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Marijuana: Pretty cool, but not a big deal anymore. Not to the Denver City Council, anyway.
Proposals that would enable marijuana delivery, hospitality and licensing programs were passed with little fanfare during the April 19th council meeting with a second and final vote, and formed the basis for one of the largest revisions to local marijuana regulations since recreational sales began on January 1, 2014.
Colorado legislature passed laws in 2019 that legalize the supply of marijuana and hospitality at the state level. According to these laws, however, the municipalities have to choose their own programs. The two proposals for the new pot companies, submitted by the city’s excise and licensing ministry after nearly two years of stakeholder meetings, were sent through the council with little hindrance or comment and were unanimously adopted – along with a proposal that will introduce new licensing procedures – In a package with a handful of other bills.
“You know cannabis has arrived when marijuana bills literally go through Denver city council without comment. That would never have happened before,” said Truman Bradley, director of the Marijuana Industry Group, a trade organization that represents Colorado pot businesses.
If Mayor Michael Hancock signs the bills the day after they are approved by the council, as he usually does, the action on April 20 or April 20, the unofficial marijuana holiday that has a special connection with Denver, will receive the Seal of approval from the executive branch.
As a result of these bills, Denver will soon allow both medical and recreational deliveries within city limits, in compliance with most of the rules set by the state’s marijuana enforcement department. Delivery will stop at 10pm at the local pharmacy, orders can only be delivered to residential addresses, and those who place the order must provide their IDs to the delivery driver. Supplies are limited to 1 ounce of flower, 8 grams of concentrate, or food containing 800 milligrams of THC. According to the MED, three companies have already received their state permits for recreational delivery and one has been approved for medical delivery – though all of them require local licenses before they can operate in Denver.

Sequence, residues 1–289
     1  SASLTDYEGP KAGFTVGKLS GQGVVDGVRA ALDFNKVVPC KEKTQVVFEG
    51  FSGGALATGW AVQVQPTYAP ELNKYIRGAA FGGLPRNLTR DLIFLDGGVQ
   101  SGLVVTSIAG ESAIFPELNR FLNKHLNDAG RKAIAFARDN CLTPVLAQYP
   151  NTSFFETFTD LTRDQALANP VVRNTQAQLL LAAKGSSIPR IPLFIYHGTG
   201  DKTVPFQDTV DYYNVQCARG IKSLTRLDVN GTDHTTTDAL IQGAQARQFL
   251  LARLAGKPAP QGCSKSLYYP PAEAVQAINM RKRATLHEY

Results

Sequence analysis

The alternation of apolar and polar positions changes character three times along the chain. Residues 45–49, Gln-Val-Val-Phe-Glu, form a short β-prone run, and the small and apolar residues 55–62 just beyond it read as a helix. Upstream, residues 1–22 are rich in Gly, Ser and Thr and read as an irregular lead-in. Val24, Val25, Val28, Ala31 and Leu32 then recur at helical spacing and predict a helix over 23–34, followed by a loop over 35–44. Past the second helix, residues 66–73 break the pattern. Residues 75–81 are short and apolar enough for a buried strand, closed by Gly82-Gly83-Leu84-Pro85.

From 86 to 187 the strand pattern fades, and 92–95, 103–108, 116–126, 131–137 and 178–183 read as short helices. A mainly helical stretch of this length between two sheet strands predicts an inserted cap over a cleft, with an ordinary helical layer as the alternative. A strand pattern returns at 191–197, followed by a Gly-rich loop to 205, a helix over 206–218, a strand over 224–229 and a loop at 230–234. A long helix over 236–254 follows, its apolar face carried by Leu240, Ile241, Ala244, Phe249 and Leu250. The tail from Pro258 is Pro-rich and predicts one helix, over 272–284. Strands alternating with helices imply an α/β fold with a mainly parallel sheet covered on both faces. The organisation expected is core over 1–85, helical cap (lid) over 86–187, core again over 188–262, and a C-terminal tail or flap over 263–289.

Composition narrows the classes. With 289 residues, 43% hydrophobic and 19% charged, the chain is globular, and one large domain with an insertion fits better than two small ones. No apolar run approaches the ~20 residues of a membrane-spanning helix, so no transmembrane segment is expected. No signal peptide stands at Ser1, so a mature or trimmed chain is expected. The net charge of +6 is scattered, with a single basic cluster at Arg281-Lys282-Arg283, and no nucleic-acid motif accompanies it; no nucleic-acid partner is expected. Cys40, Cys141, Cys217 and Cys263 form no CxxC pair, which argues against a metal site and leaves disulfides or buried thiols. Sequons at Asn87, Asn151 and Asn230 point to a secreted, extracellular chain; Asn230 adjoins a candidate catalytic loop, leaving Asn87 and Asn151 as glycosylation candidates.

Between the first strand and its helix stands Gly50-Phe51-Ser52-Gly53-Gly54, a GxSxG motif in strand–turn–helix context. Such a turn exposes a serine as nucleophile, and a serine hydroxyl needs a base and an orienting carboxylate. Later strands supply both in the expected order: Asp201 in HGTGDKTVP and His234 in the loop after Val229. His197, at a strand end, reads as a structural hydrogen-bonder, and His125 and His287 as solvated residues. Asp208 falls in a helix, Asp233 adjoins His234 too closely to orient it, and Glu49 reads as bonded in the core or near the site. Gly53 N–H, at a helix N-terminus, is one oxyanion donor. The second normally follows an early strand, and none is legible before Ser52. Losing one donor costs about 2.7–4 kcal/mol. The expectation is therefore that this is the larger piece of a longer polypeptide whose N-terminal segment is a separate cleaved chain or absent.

The city will now accept requests for social marijuana use from more businesses and will allow indoor smoking, micro-sales, and mobile lounges, none of which were acceptable under the city’s previous hospitality program. However, the 1,000-foot buffer of the soon-to-be former hospitality program between a social utility and a daycare, drug treatment center, and urban park, pool, or recreation center remains. Only one company is currently licensed under these restrictions, with the majority of the use of social pots in private or unregulated locations.
The new rules also allow for permanent takeaway windows in pharmacies, a temporary store adjustment during the COVID-19 pandemic.
A social equity package included on one of the marijuana bills now requires that all new marijuana business licenses in Denver, except for the testing lab licenses, be reserved for owners under a social equity designation through 2027 to qualify. This definition, which was passed by the legislature at the end of the 2020 session, provides that a qualified applicant must be a citizen who has been arrested or convicted of a drug offense, was civilly discarded in connection with a drug investigation or lived in a designated zone low economic opportunities or high crime; Anyone with a family member who has been exposed to drug offenses would also be eligible.
“We appreciate that the city council is demonstrating its commitment to social justice and modernizing Denver cannabis rules and regulations with the passage of this historic piece of legislation. It is gratifying to see that the public relations work our agency put in over two years to make these changes resulted in the passage of these laws, “said Ashley Kilroy, Executive Director, Excise and Licensing, in a statement for adoption of the proposals. ” Now it’s even harder. The work begins with our efforts to prepare the licenses for applicants and achieve the necessary reach to create fairer access to the nearly billion dollar cannabis industry in Denver. “
The delivery and new hospitality programs in Denver are expected to be in place by July, according to Excise and Licenses.
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Thomas Mitchell has been writing about everything cannabis-related for Westword since 2014, covering sports, real estate, and general news en route to publications like the Republic of Arizona, Inman, and Fox Sports. He is currently the cannabis editor for westword.com.